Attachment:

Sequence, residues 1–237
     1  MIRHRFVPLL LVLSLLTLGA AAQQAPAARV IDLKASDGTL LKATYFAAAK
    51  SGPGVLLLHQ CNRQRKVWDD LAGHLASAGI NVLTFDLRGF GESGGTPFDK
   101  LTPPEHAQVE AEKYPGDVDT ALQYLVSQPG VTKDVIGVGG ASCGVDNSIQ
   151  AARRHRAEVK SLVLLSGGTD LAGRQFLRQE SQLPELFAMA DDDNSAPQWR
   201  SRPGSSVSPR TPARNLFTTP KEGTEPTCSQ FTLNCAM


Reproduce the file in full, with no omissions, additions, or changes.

Sequence, residues 1–237
     1  MIRHRFVPLL LVLSLLTLGA AAQQAPAARV IDLKASDGTL LKATYFAAAK
    51  SGPGVLLLHQ CNRQRKVWDD LAGHLASAGI NVLTFDLRGF GESGGTPFDK
   101  LTPPEHAQVE AEKYPGDVDT ALQYLVSQPG VTKDVIGVGG ASCGVDNSIQ
   151  AARRHRAEVK SLVLLSGGTD LAGRQFLRQE SQLPELFAMA DDDNSAPQWR
   201  SRPGSSVSPR TPARNLFTTP KEGTEPTCSQ FTLNCAM